New variety of Irish potatoes to reduce importation of fries
NEW PEN, St Mary:
The country's importation of fries could be reduced by at least 30 per cent over the next three years, with the Ministry of Agriculture and Fisheries' introduction of the 'Challenger' variety of Irish potato, deemed ideal for producing this popular fast-food item.
Noting that, seven million kilogrammes of fries are imported annually at a cost of $700 million, Portfolio Minister Derrick Kellier said the ministry will be "accelerating our work" on the production of the Challenger, which was identified in its evaluation as the most suitable for producing the value-added item.
"It is important that we speed up this process of testing and planting. This will require an additional 1,100 acres (of land) to be put into production, and the engagement of a minimum of 400 new farmers," he noted.
The minister was speaking at last Thursday's launch of the ministry's National Potato Expansion Programme for 2015-16, at Argyle Farm, New Pen, St Mary.
Kellier said increased production of Irish potato "will not only be saving foreign exchange, but will create more jobs for our people".
Sweet potato industry
Meanwhile, the minister informed that the ministry has spent approximately $8.5 million since 2014, to undertake further development of a sustainable local sweet potato industry to supply produce for the domestic and export markets.
He said the allocation has mainly financed a clean seed programme through which over 1.47 million sweet potato slips (green shoots used for planting) of the new 'Beauregard' variety have been distributed to more than 30 farmers, who have cultivated approximately 80 hectares of the crop in eight parishes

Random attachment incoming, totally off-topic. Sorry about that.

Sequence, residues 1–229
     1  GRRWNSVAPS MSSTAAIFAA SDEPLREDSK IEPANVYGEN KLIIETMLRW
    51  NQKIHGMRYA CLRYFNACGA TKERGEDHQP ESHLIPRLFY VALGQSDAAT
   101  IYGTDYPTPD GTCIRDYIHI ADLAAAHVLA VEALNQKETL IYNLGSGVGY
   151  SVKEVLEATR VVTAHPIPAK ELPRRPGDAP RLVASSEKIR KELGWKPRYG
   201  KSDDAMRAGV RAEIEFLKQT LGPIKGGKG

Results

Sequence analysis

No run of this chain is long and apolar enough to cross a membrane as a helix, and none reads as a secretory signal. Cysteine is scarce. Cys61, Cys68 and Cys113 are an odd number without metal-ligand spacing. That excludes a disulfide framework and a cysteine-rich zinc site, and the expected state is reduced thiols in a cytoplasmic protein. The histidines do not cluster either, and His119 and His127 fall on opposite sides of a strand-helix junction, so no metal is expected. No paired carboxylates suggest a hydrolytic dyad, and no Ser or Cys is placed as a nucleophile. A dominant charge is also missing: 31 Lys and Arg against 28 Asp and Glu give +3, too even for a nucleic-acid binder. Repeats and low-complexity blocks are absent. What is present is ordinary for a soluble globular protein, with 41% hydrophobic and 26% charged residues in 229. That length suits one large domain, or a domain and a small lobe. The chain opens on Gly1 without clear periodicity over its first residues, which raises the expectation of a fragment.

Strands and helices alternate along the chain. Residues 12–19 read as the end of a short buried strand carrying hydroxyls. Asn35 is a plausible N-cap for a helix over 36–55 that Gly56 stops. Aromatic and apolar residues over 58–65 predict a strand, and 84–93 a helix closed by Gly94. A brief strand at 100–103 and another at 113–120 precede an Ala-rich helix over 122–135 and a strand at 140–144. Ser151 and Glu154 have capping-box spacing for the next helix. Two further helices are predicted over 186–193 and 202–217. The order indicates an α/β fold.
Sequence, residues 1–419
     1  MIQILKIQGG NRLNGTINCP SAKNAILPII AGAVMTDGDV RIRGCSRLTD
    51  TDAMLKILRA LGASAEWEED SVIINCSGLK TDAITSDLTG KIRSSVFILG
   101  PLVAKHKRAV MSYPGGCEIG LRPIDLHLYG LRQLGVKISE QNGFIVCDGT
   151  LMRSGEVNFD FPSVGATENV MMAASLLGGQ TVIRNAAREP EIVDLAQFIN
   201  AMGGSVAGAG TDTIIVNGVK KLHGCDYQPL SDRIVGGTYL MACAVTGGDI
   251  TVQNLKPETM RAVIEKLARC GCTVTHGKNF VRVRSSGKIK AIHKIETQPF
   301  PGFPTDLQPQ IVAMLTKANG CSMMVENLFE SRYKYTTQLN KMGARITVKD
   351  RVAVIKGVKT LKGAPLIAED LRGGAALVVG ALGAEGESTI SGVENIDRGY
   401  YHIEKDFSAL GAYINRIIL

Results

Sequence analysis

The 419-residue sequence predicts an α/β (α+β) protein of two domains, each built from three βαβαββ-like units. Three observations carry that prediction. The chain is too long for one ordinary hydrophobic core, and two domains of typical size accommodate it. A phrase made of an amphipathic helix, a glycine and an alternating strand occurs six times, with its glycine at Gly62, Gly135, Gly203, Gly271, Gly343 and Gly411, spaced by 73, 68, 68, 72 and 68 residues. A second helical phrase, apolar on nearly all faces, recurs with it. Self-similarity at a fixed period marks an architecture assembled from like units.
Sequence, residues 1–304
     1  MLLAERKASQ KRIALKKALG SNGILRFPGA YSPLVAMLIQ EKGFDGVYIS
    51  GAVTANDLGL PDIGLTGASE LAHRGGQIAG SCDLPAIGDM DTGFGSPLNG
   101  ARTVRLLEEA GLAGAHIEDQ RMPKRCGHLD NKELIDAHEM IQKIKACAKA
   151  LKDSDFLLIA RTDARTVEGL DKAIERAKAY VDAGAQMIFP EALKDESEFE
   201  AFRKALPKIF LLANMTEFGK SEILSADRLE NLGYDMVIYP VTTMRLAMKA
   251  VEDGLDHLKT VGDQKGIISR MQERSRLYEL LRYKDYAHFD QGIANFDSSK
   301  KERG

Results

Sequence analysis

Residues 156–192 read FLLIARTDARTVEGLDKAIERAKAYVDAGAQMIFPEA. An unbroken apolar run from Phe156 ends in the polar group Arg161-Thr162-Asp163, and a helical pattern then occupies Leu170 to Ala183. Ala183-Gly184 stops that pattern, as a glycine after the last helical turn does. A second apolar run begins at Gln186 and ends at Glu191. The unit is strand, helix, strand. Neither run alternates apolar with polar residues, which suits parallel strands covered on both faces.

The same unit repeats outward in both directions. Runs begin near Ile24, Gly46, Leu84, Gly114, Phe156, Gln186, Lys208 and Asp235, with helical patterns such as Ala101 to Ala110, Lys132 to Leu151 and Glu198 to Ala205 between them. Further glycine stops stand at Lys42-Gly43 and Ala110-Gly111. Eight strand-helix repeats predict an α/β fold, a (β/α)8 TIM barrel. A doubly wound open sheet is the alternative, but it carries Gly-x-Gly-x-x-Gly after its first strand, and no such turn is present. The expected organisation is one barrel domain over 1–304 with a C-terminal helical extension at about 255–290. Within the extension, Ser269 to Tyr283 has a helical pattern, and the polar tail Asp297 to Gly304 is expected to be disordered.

The minister also noted that more than 300 farmers will be engaged in the cultivation of approximately 140 hectares of onions during the 2016 crop season.
He said annual onion imports average approximately nine million kilogrammes valued at $480 million (US$4 million), and the project aims to revitalise the subsector's output by realising a minimum 40 per cent increase in local production by 2017.
"The target over the next few years is to move local production to a level that will satisfy up to 70 per cent of demand," Kellier added.
The National Potato Expansion Programme, being funded at a cost of $911 million, is targeting the cultivation of 1,200 kilogrammes of produce to fulfil local demand.
This will include 850 hectares being planted in Christiana, Manchester; 300 hectares in Guy's Hill, St Catherine; and the remaining 50 hectares "scattered across other parishes," Kellier informed.